“At Michigan Woman Forward, we are dedicating ourselves to doing everything we possibly can to help Michigan’s small businesses re-open and recover from this crisis,” Carolyn Cassin, president and CEO, MWF said. “Funding is just the beginning. We will also pair our entrepreneurs with experts to help answer questions and guide their decision making at this critical time.”

The Michigan Entrepreneur Resilience Fund will provide recovery grants of $1,000-$5,000 and microloans of $5,000-$10,000 to small businesses who are in need and have been adversely affected by COVID-19 closures. At least 150 businesses statewide are expected to benefit from this support.

Funds awarded through the program can be used to support small businesses in managing expenses through the recovery phase, including rent, payroll, and inventory, due to the significant economic impacts of COVID-19.

The fund can also advance business growth by providing working capital to assist with increased product or service demand, enable the company to revamp their business virtually through a strengthened online presence or start up a company to meet a new demand as a result of COVID-19.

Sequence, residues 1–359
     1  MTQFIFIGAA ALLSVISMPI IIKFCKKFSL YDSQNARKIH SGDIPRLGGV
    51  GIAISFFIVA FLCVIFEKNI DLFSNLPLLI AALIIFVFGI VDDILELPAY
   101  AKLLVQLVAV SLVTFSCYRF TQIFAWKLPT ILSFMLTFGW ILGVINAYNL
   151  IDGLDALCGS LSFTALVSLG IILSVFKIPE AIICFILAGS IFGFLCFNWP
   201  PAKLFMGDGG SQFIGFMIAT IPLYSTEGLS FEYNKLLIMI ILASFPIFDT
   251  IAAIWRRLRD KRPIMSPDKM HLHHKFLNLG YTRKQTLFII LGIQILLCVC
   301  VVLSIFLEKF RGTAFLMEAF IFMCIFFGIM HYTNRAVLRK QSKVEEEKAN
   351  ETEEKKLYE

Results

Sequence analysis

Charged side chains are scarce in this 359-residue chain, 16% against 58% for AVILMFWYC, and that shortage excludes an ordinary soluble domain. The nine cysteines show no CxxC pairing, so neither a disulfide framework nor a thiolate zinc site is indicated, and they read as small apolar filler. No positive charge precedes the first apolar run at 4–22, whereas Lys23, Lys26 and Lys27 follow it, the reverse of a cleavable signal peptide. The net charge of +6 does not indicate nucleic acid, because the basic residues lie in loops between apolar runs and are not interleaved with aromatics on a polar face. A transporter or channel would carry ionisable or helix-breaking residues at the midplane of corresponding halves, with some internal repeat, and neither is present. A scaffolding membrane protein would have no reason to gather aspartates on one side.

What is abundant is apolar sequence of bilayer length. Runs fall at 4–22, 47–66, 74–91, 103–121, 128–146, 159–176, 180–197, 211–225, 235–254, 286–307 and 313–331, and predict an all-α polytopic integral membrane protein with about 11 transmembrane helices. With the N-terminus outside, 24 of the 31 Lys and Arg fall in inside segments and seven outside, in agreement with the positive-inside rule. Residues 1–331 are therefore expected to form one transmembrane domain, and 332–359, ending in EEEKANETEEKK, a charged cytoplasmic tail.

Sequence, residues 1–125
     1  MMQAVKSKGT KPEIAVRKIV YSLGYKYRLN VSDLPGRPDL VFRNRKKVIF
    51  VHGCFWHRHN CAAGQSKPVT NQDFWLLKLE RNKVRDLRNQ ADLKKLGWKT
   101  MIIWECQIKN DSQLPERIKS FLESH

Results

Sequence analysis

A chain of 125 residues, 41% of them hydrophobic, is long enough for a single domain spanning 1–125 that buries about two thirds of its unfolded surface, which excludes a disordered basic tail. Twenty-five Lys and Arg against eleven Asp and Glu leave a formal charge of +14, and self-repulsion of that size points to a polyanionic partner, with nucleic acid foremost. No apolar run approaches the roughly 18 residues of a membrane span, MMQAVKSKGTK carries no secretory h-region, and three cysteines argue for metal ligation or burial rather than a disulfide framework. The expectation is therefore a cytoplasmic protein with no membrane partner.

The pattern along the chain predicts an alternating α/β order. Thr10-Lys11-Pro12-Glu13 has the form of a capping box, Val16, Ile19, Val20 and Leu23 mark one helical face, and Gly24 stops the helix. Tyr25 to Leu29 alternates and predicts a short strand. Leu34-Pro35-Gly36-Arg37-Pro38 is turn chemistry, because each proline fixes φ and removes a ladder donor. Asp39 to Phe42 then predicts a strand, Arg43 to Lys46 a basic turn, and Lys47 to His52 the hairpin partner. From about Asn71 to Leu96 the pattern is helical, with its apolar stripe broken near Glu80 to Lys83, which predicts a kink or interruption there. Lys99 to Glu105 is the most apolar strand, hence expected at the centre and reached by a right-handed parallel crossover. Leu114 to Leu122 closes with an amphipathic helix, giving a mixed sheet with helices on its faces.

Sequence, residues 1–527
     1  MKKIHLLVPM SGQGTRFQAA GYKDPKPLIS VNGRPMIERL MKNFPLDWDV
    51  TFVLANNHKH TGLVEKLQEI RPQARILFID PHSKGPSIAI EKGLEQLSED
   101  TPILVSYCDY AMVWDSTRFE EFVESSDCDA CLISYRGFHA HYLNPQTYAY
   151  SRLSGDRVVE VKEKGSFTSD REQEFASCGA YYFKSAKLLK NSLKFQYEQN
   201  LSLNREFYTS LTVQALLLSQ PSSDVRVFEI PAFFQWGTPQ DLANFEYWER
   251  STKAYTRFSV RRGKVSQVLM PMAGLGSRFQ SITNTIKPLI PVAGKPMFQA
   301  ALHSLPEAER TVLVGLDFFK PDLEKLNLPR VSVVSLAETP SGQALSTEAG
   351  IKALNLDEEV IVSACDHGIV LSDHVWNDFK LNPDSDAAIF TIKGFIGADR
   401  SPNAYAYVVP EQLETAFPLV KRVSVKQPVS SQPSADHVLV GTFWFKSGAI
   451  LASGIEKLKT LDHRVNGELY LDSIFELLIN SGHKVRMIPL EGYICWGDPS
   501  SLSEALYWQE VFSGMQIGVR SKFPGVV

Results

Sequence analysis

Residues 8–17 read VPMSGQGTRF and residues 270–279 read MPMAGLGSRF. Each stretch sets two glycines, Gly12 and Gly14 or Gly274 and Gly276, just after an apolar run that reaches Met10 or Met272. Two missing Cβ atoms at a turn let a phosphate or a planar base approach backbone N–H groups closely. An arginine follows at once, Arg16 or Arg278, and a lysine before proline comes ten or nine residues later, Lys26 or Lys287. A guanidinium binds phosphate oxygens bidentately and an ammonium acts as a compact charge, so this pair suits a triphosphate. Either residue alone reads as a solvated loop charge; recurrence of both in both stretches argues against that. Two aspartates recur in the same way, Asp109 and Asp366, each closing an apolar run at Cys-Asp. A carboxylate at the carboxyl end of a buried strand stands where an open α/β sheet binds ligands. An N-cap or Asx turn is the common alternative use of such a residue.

“This fund will be vital in helping small businesses throughout Michigan keep their doors open and their workers paid, while offering much-needed economic support during this unprecedented outbreak,” Maggie McCammon, portfolio manager for the MEDC said. “Michigan Women Forward has a demonstrated track record of successfully providing holistic support for small businesses across the state and MEDC looks forward to working together with them and the other supporting partners as our state moves toward recovery.”

The $1.5 million fund includes support of $500,000 from MEDC and $500,000 from Michigan Women Forward’s SBA microlending funds, along with partners including Consumers Energy Foundation, the New Economy Initiative, General Motors Corporation, Fifth Third Bank and Comerica Bank.